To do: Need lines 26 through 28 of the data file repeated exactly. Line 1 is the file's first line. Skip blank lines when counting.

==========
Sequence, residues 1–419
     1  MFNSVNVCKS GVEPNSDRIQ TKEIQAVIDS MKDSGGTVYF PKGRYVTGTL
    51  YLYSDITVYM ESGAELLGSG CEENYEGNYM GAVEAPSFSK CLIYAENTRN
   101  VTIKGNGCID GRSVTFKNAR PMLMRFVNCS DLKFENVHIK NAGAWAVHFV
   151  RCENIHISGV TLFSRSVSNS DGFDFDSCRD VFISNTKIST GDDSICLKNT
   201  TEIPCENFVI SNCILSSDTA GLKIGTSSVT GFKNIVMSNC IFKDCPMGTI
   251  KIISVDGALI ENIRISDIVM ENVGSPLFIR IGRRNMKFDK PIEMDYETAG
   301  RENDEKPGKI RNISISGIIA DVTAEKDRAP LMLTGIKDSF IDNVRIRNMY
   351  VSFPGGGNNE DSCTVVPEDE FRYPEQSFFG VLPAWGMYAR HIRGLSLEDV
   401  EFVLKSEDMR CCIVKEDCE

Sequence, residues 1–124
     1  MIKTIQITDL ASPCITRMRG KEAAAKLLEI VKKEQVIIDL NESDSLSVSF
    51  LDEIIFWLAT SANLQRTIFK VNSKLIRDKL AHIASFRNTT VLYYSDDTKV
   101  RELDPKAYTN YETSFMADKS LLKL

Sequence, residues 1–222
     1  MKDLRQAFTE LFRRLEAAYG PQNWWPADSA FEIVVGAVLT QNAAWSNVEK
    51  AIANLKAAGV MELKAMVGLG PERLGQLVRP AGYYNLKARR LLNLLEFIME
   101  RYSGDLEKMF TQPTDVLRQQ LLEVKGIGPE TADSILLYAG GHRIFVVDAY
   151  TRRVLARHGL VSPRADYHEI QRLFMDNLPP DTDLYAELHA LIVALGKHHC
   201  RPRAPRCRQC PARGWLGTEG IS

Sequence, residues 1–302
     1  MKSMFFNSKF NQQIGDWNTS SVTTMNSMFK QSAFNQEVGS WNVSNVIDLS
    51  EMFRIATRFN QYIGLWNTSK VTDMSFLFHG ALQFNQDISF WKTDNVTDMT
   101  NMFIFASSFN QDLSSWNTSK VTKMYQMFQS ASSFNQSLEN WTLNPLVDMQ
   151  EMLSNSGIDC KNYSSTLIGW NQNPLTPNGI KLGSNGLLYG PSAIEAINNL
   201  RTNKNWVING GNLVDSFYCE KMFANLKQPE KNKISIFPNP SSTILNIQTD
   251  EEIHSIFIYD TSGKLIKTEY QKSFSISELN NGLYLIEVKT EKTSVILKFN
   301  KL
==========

   201  RTNKNWVING GNLVDSFYCE KMFANLKQPE KNKISIFPNP SSTILNIQTD
   251  EEIHSIFIYD TSGKLIKTEY QKSFSISELN NGLYLIEVKT EKTSVILKFN
   301  KL